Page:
Headstrong: 11 Lessons of School Leadership – Dame Sally Coates
While it was first published in 2015, when Dame Sally Coates had moved to a senior role in United Learning Trust, “Headstrong – 11 Lessons of School Leadership” was largely written whilst she was Principal of Burlington Danes Academy (‘BDA’).
Dame Sally took over the school in 2008 when it was struggling in a whole manner of ways: high staff turnover, low outcomes for kids, surplus places, and poor attendance and behaviour. Headstrong is about how Dame Sally turned BDA into a popular and high-performing place – and the lessons learned from this and her previous experience.
Since publication, the book has become a regular on reading lists for those interested in school improvement and leadership. There are a number of good reasons for this.
First of all, it’s written to be used by people on the front line. Topped and tailed by a brief introduction and conclusion, it has a chapter focused on each of the eleven lessons offered up (e.g. “Lesson 1: Lead from the Front”; “Lesson 7: Create Clear Systems and Structures”) This gives a clarity to proceedings and allows for dipping in-and-out as needed.
Secondly, it’s written in an incredibly engaging style: Dame Sally’s humility and experience comes through on every page. It’s rich with anecdotes and evidence from BDA, education, and elsewhere. Not many education books mention as diverse a range of characters as this one, with Nietzsche, JFK, Sir Michael Wilshaw, Peter Hyman, and Malcolm Gladwell featuring amongst the mix. It all makes for a thought-provoking read.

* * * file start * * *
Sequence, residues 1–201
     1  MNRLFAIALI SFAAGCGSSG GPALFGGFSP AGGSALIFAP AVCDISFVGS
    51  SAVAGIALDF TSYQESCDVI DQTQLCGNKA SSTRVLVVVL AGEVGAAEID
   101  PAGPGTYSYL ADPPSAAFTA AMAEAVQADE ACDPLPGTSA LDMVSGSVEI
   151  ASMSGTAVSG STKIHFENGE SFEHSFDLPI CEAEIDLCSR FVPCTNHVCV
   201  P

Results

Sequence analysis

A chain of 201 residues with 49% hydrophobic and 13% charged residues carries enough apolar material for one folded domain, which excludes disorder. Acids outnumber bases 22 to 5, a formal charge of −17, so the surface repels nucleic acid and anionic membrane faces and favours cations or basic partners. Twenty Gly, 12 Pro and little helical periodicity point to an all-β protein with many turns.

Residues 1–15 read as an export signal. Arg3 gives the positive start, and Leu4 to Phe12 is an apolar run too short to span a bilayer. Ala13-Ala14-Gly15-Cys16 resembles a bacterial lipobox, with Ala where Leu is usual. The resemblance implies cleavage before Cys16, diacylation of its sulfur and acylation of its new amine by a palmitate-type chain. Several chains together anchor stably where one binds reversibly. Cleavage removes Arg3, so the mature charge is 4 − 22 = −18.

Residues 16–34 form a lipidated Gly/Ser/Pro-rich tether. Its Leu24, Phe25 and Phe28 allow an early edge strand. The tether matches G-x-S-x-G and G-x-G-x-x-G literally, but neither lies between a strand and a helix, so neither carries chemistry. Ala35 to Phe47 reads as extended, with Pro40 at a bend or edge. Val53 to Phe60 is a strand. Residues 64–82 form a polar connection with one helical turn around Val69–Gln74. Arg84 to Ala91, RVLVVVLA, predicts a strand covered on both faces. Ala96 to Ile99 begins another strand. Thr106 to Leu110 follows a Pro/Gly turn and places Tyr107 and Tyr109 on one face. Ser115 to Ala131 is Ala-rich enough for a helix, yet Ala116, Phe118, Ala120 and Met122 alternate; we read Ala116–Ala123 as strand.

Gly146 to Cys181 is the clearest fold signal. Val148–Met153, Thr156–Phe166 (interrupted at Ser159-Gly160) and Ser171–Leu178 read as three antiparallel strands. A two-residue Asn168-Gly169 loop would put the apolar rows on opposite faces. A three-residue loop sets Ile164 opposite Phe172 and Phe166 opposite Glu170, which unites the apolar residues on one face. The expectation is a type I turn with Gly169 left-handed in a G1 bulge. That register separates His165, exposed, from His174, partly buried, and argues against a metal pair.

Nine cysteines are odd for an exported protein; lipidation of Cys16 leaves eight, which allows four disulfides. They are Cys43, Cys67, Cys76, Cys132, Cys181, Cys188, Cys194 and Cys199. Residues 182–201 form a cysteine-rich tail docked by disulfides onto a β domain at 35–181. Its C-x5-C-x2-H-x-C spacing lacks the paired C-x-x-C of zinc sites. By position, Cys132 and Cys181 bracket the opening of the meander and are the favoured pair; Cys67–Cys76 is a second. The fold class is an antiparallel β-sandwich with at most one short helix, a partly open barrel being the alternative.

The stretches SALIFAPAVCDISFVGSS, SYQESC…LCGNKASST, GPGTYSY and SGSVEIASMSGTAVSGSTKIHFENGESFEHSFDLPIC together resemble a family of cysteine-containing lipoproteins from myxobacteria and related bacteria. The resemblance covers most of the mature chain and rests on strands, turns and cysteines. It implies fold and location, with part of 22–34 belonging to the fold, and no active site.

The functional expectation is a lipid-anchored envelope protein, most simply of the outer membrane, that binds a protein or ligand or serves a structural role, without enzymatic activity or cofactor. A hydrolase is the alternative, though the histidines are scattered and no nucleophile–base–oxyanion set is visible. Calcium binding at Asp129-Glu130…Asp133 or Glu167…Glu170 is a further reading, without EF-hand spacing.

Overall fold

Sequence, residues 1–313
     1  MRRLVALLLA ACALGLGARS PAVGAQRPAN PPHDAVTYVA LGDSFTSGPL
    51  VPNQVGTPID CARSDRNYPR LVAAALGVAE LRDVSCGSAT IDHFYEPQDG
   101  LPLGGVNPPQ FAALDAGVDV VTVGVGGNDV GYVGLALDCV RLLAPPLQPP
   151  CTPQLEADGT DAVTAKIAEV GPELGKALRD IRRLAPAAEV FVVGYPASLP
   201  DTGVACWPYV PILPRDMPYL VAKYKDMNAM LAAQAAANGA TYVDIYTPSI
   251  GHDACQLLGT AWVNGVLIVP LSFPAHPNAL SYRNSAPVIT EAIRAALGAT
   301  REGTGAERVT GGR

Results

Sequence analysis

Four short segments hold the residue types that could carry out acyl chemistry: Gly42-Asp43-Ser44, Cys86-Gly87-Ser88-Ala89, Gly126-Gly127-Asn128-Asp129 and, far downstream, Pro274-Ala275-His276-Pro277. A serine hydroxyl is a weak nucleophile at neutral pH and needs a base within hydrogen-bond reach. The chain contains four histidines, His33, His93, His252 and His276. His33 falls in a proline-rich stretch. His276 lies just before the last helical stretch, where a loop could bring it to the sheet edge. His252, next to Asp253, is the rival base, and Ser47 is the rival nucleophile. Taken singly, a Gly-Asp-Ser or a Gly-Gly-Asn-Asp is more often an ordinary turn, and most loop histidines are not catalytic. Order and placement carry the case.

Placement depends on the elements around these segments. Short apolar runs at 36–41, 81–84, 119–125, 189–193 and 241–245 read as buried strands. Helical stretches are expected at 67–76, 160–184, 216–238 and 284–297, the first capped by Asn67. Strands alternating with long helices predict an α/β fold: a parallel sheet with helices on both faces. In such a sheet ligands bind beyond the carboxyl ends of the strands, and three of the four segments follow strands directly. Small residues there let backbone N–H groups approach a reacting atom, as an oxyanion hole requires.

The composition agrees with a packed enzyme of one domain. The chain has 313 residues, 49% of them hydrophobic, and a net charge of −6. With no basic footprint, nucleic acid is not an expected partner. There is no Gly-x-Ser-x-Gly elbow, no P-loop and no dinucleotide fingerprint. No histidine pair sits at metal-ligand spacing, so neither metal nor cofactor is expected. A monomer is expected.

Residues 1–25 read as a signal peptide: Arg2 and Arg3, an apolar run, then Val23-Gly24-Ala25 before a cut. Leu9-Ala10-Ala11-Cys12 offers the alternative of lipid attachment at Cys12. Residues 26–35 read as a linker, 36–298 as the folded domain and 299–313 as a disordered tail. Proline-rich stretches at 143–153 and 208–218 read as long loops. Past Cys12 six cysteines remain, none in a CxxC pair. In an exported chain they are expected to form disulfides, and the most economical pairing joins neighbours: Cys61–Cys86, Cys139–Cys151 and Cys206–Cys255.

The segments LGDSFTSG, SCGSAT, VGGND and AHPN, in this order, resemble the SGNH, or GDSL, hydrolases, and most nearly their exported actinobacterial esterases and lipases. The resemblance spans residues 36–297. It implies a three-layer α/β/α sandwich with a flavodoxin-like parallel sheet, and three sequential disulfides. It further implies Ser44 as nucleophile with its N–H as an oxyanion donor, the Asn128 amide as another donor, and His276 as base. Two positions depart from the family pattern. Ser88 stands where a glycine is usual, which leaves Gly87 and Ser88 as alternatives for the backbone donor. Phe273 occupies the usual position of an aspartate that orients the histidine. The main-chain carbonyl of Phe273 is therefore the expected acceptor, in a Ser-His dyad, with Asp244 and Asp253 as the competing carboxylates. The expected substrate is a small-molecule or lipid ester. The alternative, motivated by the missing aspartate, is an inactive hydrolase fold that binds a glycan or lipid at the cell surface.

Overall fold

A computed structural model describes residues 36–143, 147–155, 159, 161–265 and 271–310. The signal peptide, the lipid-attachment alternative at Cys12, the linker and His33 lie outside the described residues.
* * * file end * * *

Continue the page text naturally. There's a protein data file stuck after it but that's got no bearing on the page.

Within the prose are really useful resources for others to steal for their own context: examples of checklists, policies, statements, and so on, as well as asides about the wider system and other relevant factors. It is designed so the reader can see how BDA did things and adopt or adapt them for their own place.
Importantly, while the author is clear about what she sees as important principles, she isn’t overly prescriptive about how schools implement them. She is adamant that context is key – in terms of where on the improvement journey a school is, and also its particular characteristics. For instance, she has this to say about silent corridors:
“I’m… intrigued by schools where students march in line, sometimes even reading books in silence – a model borrowed from a chain of charter schools in America… but our long corridors, large student body and sprawling site aren’t conducive to silent transitions, so we settle for an insistence on calm, quick transition, supervised by SLT and teachers, who we ask to meet and greet their students on the corridor outside their room.”
It’s the principles around being a Principal that Dame Sally is after – not specific practices – and this means her lessons are focused enough to be useful, but not so tight as to be restrictive.
Since writing the book, as well as being put in charge of all the secondary schools in England’s biggest academy trust, Dame Sally has conducted reviews on prison education, plus the national teaching standards. Reading Headstrong now, one can see her influence across all these.
So if you are a teacher considering a school leadership position, or a parent wanting to better understand what great Heads do, Headstrong is a great place to start.